# The Distance Formula

Very often, especially when measuring the distance in the plane, we use the formula for the Euclidean distance. According to the Euclidean distance formula, the distance between two points in the plane with coordinates

dist((x, y), (a, b)) = √(x - a)² + (y - b)²

As an example, the (Euclidean) distance between points (2, -1) and (-2, 2) is found to be

dist((2, -1), (-2, 2)) | = √(2 - (-2))² + ((-1) - 2)² | |

= √(2 + 2)² + (-1 - 2)² | ||

= √(4)² + (-3)² | ||

= √16 + 9 | ||

= √25 | ||

= 5. |

The source of this formula is in the Pythagorean theorem. Look at the diagram

The horizontal distance between the points is 4 and the vertical distance is 3. Let's introduce one more point

How good is the (Euclidean) distance formula for measuring real distances? This depends on the circumstances. In the plane - since the Earth is round, this means within relatively small areas of Earth's surface - it is pretty good, provided the distance is exactly what you want to estimate. If the question is, How fast you can get from one point to another while moving at a given speed, the Euclidean formula may not be very useful providing the answer. Indeed, in a city - just to take one example - it is often impossible to move from one point straight to another. There are buildings, streets busy with traffic, fences and what not, to be accounted for. In a city, one often finds that the taxicab distance formula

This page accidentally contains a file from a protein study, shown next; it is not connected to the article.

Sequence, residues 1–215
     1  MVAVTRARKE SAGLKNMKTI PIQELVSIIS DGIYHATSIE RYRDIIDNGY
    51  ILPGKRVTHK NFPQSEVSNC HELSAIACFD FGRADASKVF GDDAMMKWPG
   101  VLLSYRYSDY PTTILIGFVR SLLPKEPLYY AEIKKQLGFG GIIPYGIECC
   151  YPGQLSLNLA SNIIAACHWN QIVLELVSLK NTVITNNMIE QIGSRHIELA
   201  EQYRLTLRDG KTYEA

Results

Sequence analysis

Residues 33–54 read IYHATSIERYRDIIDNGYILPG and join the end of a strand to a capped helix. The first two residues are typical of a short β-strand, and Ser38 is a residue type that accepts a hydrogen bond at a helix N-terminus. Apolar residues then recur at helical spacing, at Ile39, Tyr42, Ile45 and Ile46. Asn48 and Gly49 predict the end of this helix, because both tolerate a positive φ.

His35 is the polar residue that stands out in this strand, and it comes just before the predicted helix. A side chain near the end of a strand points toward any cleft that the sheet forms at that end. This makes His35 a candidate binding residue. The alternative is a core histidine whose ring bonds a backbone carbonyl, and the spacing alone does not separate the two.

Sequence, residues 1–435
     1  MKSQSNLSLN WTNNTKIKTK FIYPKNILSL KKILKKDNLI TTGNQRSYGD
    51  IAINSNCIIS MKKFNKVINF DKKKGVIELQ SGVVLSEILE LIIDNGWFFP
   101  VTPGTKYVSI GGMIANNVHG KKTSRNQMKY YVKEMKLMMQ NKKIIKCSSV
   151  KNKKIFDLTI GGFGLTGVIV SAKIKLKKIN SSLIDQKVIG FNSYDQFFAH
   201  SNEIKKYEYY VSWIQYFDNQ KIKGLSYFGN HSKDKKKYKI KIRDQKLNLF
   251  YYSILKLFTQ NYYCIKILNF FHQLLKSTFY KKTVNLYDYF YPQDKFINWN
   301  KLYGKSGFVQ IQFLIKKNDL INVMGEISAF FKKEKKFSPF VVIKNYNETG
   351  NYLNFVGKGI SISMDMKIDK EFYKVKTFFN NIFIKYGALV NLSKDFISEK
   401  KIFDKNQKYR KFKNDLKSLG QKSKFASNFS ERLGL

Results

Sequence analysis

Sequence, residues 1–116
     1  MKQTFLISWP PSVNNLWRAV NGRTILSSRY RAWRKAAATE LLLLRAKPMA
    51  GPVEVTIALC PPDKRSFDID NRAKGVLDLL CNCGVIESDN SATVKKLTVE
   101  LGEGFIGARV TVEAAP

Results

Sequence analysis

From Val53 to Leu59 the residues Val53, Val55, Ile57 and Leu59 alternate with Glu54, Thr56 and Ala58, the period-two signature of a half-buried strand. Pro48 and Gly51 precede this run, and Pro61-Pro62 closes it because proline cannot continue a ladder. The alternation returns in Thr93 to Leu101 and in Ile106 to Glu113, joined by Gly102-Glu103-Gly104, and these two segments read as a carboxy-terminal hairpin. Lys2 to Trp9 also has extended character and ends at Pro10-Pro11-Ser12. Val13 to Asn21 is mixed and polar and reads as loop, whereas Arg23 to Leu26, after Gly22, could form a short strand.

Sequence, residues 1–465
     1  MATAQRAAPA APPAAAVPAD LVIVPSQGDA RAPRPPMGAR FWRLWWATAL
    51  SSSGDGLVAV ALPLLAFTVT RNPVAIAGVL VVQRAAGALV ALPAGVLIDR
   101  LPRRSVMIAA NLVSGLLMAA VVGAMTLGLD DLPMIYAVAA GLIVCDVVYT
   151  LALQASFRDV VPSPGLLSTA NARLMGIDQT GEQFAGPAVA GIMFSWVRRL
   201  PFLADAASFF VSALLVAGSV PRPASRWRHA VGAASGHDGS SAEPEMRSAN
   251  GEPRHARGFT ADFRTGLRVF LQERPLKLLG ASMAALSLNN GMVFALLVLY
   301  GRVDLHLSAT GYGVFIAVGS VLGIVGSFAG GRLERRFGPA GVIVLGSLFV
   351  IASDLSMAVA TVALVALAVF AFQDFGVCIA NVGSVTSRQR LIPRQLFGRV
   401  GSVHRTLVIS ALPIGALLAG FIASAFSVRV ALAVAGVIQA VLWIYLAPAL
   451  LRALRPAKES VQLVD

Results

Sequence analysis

dist((x, y), (a, b)) = |x - a| + |y - b|

is more useful. In mathematics, the Euclidean distance is most fundamental. As one of the mechanical proofs of the Pythagorean theorem shows, the same is also true in physics, although in either science it's not the only distance formula used.

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